Looking to have your say, in a newspaper or even on our Maggie & Rose Life?! Well, there are a number of routes to this exciting job (we would call it that wouldn't we!). There are plenty of writing courses that teach you how to write an article, Udemy gets some good feedback on quality and has a range of different kinds of creative writing courses available. or even a novel or screen play that you can do online cheaply (or for eye watering sums). You can also find more reasonably priced courses in adult education centres and there are often finanical schemes and grants you can apply for too. If you haven't previously held a position where you have written for a living such as a TV Producer, marketing assistant or overseeing a company's social media channels, you can also start a blog for free on a site like Wordpress which will force you to write regularly and think about what your audience actually wants to read (Google Analytics which is also free, will show you what people read, and what they don't).

3 Virtual assistant

This job seems a natural progression for anyone who is a super-organised parent because it's essentially about organising someone else's life (or company). From setting up meetings to booking travel and buying gifts, a virtual assistant or virtual personal assistant is a job made up of everything you do for your family every day (apart from spoon feeding cold porridge, or wiping bottoms of course!). Look for jobs at Reed or Linked in or join an agency like Viratalent.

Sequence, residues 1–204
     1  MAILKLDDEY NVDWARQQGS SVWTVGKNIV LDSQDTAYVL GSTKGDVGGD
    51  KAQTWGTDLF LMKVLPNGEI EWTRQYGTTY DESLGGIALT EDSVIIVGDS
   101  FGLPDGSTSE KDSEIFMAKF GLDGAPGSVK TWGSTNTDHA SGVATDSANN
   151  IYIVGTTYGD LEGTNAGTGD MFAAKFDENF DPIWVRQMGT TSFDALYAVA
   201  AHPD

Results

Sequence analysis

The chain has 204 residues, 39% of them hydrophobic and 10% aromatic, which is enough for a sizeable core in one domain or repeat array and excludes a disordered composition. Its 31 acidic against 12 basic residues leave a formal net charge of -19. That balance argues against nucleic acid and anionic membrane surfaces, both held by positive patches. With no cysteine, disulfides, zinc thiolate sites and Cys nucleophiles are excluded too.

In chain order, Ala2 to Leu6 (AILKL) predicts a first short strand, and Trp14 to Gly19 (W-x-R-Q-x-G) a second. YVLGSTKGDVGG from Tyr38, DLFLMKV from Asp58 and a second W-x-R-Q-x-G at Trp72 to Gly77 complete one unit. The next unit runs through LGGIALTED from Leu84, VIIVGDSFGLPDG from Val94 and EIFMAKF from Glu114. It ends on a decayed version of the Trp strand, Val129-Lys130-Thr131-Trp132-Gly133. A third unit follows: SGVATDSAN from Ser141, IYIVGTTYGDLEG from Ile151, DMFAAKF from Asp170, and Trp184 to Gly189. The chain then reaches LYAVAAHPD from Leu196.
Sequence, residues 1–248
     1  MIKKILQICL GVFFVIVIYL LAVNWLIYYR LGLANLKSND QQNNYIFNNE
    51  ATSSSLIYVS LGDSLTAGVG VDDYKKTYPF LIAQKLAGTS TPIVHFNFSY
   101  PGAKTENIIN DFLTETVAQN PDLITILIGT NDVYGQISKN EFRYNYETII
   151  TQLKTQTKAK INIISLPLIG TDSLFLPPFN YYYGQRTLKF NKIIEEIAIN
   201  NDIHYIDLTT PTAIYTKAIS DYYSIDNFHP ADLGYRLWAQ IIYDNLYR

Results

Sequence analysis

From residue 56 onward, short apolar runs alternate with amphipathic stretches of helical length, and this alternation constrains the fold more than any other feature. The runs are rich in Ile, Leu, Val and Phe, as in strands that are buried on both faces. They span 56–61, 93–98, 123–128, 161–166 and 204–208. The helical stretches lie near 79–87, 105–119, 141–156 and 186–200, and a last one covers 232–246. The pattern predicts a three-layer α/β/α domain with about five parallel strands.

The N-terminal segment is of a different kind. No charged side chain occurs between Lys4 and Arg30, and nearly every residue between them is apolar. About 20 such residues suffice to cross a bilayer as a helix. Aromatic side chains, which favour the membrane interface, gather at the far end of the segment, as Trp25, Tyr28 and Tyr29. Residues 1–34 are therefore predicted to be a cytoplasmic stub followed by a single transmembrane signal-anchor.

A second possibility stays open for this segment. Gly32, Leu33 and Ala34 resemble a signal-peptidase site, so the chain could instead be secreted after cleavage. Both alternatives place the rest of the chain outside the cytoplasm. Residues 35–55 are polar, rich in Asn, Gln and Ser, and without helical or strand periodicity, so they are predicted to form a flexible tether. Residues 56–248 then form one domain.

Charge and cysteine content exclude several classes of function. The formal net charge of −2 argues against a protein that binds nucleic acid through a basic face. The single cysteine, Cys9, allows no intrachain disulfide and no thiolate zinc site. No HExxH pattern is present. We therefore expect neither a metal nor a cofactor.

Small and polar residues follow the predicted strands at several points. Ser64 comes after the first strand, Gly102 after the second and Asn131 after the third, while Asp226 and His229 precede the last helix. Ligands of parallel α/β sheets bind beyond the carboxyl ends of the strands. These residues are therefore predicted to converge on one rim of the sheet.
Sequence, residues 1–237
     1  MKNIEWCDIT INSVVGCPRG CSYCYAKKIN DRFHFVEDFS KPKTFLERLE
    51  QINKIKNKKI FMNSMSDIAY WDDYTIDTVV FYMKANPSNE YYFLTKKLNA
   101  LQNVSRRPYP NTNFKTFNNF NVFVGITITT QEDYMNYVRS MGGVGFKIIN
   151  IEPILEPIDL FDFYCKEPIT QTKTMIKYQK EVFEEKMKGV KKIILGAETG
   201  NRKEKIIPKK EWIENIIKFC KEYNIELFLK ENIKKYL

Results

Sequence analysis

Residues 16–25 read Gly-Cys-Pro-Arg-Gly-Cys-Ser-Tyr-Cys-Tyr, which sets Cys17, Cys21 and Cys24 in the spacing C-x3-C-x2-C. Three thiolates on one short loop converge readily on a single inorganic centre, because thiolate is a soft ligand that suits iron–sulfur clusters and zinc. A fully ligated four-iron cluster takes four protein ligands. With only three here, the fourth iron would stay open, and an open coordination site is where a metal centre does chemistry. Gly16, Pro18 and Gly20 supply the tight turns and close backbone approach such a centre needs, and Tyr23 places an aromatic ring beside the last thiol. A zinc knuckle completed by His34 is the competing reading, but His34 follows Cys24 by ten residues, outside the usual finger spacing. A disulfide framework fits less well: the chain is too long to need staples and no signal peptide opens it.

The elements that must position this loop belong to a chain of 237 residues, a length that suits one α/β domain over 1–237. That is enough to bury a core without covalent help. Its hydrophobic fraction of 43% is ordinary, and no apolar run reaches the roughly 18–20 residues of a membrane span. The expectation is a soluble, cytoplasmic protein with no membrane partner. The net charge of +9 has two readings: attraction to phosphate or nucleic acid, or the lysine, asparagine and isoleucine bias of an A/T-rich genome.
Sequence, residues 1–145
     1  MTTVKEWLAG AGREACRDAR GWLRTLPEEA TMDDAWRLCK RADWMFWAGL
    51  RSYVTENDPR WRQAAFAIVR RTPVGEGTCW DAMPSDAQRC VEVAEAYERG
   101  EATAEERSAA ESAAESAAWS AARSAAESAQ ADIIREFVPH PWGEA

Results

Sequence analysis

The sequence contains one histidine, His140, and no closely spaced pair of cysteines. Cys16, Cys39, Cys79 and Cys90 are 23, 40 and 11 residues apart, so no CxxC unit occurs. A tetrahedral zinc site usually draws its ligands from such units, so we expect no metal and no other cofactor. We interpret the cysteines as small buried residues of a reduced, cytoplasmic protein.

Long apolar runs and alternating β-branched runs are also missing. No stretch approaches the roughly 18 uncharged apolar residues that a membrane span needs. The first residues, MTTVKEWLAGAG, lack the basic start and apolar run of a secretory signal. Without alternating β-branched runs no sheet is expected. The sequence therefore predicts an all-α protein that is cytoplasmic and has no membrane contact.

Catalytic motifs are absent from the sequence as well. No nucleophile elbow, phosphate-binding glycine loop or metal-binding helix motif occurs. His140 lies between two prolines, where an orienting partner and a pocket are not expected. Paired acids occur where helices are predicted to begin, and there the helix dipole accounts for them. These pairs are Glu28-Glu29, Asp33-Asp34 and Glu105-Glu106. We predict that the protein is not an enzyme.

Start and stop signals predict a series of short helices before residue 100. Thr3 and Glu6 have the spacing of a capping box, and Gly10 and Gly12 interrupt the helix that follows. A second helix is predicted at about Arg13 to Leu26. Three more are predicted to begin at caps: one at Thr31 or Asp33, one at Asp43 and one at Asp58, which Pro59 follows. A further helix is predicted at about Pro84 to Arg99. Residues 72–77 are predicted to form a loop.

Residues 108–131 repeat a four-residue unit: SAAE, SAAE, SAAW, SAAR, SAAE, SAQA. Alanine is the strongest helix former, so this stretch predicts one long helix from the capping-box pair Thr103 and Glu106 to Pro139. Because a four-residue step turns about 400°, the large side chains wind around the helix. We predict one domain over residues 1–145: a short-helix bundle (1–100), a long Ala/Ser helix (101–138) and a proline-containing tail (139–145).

4 Audio Transcribing

If you don't feel up to using your own words at the keyboard, then how about audio transcribing as a new career? As long as you can type accurately you can type up a piece of audio which you listen to. Sometimes this will be word for word, sometimes just the key parts. The kind of content might range from law, to medical or general research. You might need a minimum typing speed (70 words per minute is fairly standard) but some companies won't stipulate a speed so that you can at least get a start. You will need a good command of the English language, as in the previous three jobs on the list. Jobs can be found with companies like Mcgowan Transcribe + Translate or Way With Words.

5 Graphic designer